We note that the report is intended for public consultation not for decision on the proposals. While the types of proposals are generally OK, the details may need adjusting depending on the feedback, and also on the results of the laneway housing review. We are pleased that the report recognizes that neighbourhood character should be protected, and that consultation with the affected neighbourhoods is essential. While the learnings from the laneway housing experience will be useful, we continue to note the significant differences, particularly related to access, between laneway and garden suites.

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A New Regulatory Framework for Multi-Tenant Houses

This is to express our support in principle for the above noted report to create a new comprehensive regulatory and compliance framework (zoning bylaw amendments, licensing requirements), for Multi-Tenant Houses across Toronto.

We appreciate that this represents a cross-divisional multi-pronged initiative that has been a long time in development. We also note that City Planning delivered on our request made in connection with the earlier report (November 2020) to ensure that resident associations (including both tenants, homeowners) are given the opportunity to be engaged in the process of public and stakeholder engagement on the proposed zoning standards for city-wide permissions for multi-tenant housing.

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Laneway Suite Monitoring Report and Action on Garden Suites

As you are aware the various Enhanced Housing Options in Neighbourhoods initiatives, especially laneway suites and garden suites, are of great interest, and raise some concerns for residents.

We are aware that the Garden Suites staff report is coming to PHC on June 28th.  However we are of the opinion that the Laneway Suites Monitoring Report – a review of Laneway Housing initiatives – needs to be available to inform the consideration of Garden Suites and other initiatives. We have requested this throughout the public consultations. We also expressed that there needed to be resident engagement in the review.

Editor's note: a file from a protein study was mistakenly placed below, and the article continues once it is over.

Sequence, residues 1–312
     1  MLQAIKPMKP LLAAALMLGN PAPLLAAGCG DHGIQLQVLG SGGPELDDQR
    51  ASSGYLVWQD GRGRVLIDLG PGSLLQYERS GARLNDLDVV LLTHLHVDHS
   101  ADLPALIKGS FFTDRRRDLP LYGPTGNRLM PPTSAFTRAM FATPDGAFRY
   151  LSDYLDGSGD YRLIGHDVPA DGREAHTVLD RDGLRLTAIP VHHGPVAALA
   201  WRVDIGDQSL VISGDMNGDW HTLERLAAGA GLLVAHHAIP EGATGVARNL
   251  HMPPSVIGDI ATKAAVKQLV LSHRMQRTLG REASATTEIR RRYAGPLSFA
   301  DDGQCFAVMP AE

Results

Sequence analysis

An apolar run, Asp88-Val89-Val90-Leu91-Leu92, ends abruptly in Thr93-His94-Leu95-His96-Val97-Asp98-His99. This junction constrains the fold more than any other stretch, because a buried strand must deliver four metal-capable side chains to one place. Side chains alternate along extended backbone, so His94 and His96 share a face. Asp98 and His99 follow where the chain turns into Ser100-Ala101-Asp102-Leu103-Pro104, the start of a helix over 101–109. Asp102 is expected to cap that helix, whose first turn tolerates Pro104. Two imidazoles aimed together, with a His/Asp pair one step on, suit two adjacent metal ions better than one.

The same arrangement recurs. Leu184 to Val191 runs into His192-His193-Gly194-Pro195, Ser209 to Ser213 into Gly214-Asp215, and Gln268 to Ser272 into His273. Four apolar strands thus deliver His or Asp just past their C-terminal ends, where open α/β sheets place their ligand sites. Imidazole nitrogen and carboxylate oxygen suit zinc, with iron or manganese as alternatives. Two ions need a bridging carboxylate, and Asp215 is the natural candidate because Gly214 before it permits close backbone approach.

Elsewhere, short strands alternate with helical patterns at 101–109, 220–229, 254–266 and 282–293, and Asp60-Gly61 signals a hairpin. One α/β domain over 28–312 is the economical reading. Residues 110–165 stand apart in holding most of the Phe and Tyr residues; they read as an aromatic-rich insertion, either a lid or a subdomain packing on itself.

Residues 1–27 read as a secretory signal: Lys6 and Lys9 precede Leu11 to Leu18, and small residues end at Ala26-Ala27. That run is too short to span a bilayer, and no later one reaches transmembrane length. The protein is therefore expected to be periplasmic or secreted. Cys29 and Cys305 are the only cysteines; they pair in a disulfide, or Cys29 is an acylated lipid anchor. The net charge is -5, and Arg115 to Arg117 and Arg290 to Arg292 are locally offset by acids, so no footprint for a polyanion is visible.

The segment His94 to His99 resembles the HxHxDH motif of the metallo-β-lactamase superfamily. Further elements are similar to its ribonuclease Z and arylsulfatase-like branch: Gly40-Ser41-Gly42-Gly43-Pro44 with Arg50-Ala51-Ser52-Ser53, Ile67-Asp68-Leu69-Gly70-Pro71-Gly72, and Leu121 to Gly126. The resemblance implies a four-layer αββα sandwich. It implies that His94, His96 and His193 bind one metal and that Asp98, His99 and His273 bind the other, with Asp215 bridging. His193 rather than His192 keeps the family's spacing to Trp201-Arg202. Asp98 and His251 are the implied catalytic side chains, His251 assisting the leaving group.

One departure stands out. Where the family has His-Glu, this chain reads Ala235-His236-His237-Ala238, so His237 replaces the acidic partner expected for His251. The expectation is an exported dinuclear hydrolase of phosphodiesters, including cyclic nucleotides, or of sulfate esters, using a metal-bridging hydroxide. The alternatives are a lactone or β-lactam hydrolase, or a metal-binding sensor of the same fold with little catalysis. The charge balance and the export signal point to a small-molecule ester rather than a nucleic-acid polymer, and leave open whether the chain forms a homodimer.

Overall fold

Garden suites, as an additional unit on a lot, have much in common with laneway suites, that come with additional challenges from a public safety and community impact perspective. We believe there is unassailable logic of the need for the availability of the results of the laneway suites to inform the development of a garden suites policy.

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City of Toronto Survey of Neighbourhood Housing Needs and Growth

As you are aware the above noted survey has been (or was intended to be) distributed to all resident associations registered with the City. While we appreciate the attention to the views of residents of neighbourhoods, through their resident associations, we are hearing from our members of a number of serious operational concerns with the survey, as well as fundamental concerns about the whole initiative.

A number of active residents associations did not receive the survey when it was first sent out. Some of them received the link forwarded from other organizations such as FoNTRA, and likely several never did receive the survey, or received it very late, and did not have time by the deadline (March 17) to complete it.

Several RAs found that they were either unable to open the survey, or received a message that the organization had already completed the survey. The latter problem has led to the concern that, in some cases, individuals who may or may not represent the RA have completed the survey.

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Townhouse and Low-Rise Apartment Guidelines

We appreciate several aspects of the Guidelines, especially:

  • The “contextual approach” showing the evolution of, and the relationship between, the various typologies of the townhouse and low rise apartment building formats.
  • The principled approach to the statements of intent and direction
  • The requirement for a “block” context analysis for large sites
  • The practicability of the proposed actions, and case studies
  • The clear organization of the report and use of graphical presentations

However, the January 2018 edition of the Guidelines has been revised to incorporate several BILD comments. We strongly object to additional language on page 9 of the Introduction – How and where the guidelines apply (page 9) which refer to “balancing” of the need for new development to enhance and fit within the area context, and to accommodate housing in a growing city (see attachment).